the FV amount equal to the PV amount (only with an opposite sign),
representing the contractual principal on the loan.

Example:
What is the monthly payment on an \$80,000, 12%, 10-year interest-
only mortgage?

Answer: \$800 = \$80000 (0.12/12) = \$80000 (0.01) = \$800.00.

Or compute it on your calculator as:
N          I/YR          PV             PMT            FV
120           12        80000            CPT          -80000
8.2.13 How the Present Value Keys on a Business Calculator
Work

There are two types of PV Math keys on a typical business
calculator:

1) The “Mortgage Math” keys. They are useful for problems that
involve a level annuity and/or at most one additional single-
sum amount at the end of the annuity (e.g., the typical
mortgage, even if it is not fully-amortizing). These keys solve
the following equation:

 PMT     PMT                PMT 
PV =        +         + . . .+           + FV
 (1+ r) (1+ r )2          (1+ r )N  (1+ r )N
                                   

Normally:       PV = Loan initial principal or OLB.
FV = Loan OLB or balloon.
PMT = Regular monthly payment.
r = i/m = Periodic simple interest (per month).
N = Number of payment periods (remaining, or
already paid, depending on how you’re using the
keys).

Note that this equation is equivalent to:
 PMT     PMT                PMT 
0 = - PV +        +         + . . .+           + FV
 (1+ r) (1+ r )2          (1+ r )N  (1+ r )N
                                   
This makes it clearer why the “PV” amount is usually opposite
sign to the “PMT” and “FV” amounts. (If you are solving for
FV then FV may be of opposite sign to PMT, and same sign as
PV.)
The second type of PV Math keys on your calculator are…

2) The “DCF keys”. They are useful for problems that are not a
simple or single level annuity. The DCF keys can take an
arbitrary stream of future cash flows, and convert them to
present value or compute the Internal Rate of Return
(“IRR”) of the cash flow stream (including an up-front negative
cash flow representing the initial investment). The DCF keys
solve the following equation:
CF 1      CF 2               CF T
NPV = CF 0 +            +           + ... +
(1+ IRR) (1+ IRR )2         (1+ IRR )T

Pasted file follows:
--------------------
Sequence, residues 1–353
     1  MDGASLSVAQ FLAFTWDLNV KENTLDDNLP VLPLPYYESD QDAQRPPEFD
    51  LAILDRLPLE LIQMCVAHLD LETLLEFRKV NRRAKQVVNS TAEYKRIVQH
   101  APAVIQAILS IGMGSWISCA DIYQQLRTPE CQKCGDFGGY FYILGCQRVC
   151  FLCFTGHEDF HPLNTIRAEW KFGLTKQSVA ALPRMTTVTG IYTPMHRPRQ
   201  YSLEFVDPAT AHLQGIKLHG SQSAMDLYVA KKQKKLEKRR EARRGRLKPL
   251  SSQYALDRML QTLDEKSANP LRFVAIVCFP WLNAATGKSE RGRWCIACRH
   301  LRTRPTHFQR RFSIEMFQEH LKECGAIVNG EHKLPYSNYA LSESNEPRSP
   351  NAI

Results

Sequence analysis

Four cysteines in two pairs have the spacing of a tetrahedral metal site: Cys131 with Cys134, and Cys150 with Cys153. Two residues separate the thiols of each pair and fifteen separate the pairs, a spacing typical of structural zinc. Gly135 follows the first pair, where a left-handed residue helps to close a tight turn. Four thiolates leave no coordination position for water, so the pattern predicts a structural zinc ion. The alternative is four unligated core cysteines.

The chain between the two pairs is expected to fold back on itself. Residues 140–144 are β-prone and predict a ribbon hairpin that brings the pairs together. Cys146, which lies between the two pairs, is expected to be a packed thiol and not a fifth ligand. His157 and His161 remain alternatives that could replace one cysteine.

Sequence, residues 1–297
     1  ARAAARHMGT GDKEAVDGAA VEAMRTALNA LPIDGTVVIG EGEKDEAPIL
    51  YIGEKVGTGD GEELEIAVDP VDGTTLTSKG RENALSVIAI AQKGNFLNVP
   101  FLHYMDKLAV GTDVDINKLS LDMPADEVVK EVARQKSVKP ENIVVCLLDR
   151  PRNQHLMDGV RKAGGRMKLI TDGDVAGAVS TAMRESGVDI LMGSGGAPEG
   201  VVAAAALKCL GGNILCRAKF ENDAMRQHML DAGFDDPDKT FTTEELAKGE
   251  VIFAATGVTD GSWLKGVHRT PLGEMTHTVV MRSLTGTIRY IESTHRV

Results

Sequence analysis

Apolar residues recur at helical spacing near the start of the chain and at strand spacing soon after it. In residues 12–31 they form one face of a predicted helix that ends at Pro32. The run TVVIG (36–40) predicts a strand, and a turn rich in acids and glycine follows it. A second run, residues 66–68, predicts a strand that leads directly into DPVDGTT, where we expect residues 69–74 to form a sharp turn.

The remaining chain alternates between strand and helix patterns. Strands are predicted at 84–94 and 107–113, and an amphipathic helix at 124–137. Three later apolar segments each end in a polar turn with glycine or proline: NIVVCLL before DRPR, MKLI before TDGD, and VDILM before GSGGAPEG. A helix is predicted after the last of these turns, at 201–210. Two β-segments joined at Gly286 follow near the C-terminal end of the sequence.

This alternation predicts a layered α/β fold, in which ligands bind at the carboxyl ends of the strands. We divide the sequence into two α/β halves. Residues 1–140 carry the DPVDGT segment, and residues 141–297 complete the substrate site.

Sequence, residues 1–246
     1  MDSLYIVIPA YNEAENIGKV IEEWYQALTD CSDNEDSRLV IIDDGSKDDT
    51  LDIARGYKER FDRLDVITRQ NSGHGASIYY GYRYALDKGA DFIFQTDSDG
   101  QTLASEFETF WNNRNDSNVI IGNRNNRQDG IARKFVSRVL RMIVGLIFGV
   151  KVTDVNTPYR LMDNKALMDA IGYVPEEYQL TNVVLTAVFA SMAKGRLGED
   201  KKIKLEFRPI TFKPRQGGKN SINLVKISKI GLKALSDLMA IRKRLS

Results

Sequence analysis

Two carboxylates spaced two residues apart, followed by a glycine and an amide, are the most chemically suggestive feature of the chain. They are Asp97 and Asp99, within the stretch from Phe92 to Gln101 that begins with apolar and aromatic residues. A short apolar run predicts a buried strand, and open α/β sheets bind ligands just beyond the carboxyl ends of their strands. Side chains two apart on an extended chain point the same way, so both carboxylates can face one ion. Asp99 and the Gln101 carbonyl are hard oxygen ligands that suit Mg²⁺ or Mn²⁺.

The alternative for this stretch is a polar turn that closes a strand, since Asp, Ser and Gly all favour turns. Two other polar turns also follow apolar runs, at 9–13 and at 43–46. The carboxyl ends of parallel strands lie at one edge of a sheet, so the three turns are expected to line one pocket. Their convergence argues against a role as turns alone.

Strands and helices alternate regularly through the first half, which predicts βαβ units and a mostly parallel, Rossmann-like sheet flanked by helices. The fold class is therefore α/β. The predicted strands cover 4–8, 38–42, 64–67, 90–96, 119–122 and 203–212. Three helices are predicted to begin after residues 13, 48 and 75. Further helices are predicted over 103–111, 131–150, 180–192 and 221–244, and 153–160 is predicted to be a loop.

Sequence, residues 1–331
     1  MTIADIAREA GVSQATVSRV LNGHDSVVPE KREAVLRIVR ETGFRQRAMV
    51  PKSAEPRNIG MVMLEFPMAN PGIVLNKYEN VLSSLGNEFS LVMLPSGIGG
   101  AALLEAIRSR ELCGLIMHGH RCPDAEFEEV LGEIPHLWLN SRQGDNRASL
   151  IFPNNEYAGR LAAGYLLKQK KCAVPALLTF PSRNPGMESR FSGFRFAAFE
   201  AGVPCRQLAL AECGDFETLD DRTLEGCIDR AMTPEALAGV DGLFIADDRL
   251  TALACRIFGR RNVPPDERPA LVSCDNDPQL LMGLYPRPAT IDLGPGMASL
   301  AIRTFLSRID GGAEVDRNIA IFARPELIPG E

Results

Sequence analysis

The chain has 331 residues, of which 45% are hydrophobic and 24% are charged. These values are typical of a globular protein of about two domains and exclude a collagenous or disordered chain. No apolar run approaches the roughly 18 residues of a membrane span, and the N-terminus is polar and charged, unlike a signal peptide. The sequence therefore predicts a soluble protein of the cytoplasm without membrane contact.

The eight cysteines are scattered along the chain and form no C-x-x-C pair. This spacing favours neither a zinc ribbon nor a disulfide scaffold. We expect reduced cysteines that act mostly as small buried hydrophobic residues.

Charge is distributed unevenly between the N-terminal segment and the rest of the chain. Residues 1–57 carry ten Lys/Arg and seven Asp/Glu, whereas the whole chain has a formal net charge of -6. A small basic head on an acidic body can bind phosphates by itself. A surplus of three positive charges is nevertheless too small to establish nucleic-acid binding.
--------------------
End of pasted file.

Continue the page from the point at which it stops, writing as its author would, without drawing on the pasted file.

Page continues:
where the IRR is the discount rate that implies NPV=0.
Typically, CF0 is the up-front investment and therefore is of
opposite sign to most of the subsequent cash flows (CF1,
CF2,…). Each cash flow can be a different amount.

In general, the IRR is the single rate of return (per period) that
causes all the cash flows (including the up-front investment) to
discount such that NPV=0.

By setting CF0=0, and entering the opportunity cost of capital (the
discount rate, or required “going-in IRR”) as the interest rate
(“I/YR” in the HP-10B, or “I” in the “NPV” program of the TI-
BA2+), the DCF keys will solve the above equation (with IRR equal
to the input interest rate) for the present value of the future cash flow
stream.

Note: Make sure that the last cash flow amount, CFT, includes the
“reversion” (or asset terminal value) amount.
Example (like Ch.8 Study Qu.#53):
Suppose a certain property is expected to produce net operating cash
flows annually as follows, at the end of each of the next five years:
\$15,000, \$16,000, \$20,000, \$22,000, and \$17,000. In addition, at
the end of the fifth year the property we will assume the property
will be (or could be) sold for \$200,000. What is the net present
value (NPV) of a deal in which you would pay \$180,000 for the
property today assuming the required expected return or discount
rate is 11% per year?

Answer: +\$4,394 (the property is worth \$184,394.)
NPV = PV(Benefit) – PV(Cost) = \$184,394 - \$180,000 = +\$4,394.
 15000   16000   20000   22000   (17000+ 200000)
4394= - 180000+          +             +             +             +             
 1+ 0.11   (1+ 0.11 )2   (1+ 0.11 )3   (1+ 0.11 )4   (1+ 0.11 )5
                                          


On the calculator this is solved using the DCF keys as:
HP-10B                               TI-BAII+
CLEAR ALL                            2nd P/Y = 1 ENTER 2nd QUIT

1 P/YR                               CF

11 I/YR                              2nd CLR_Work
180000 +/- CFj                       CF0 = 180000 +/- ENTER
15000 CFj                            C01 = 15000 ENTER 
16000 CFj                            F01 = 1 
20000 CFj                            C02 = 16000 ENTER 
22000 CFj                            F02 = 1 
17000+200000=217000 CFj              C03 = 20000 ENTER 
NPV gives 4394                       F03 = 1 
C04 = 22000 ENTER 
F04 = 1 
C05 = 17000+200000=217000 ENTER
F05 = 1
NPV I= 11 ENTER 
NPV CPT = 4394
Example (cont.):
If you could get the previous property for only \$170,000, what
would be the expected IRR of your investment?

 15000          16000           20000           22000   (17000+ 200000)
0 = - 170000+            +               +               +               +               
 1+ 0.1315   (1+ 0.1315 )2   (1+ 0.1315 )3   (1+ 0.1315 )4   (1+ 0.1315 )5 
                                                               

HP-10B                               TI-BAII+
CLEAR ALL                            2nd P/Y = 1 ENTER 2nd QUIT

1 P/YR                               CF
170000 +/-                           2nd CLR_Work (if you want)
15000 CFj                            CF0 = 170000 +/- ENTER
16000 CFj                            C01 = 15000 ENTER 
20000 CFj                            F01 = 1 
22000 CFj                            C02 = 16000 ENTER 
17000+200000=217000 CFj              F02 = 1 
IRR gives 13.15                      C03 = 20000 ENTER 
F03 = 1 
C04 = 22000 ENTER 
F04 = 1 
C05 = 17000+200000=217000 ENTER
F05 = 1
IRR CPT = 13.15

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Description: This doc shows you the mathematical formula for your mortgage payments.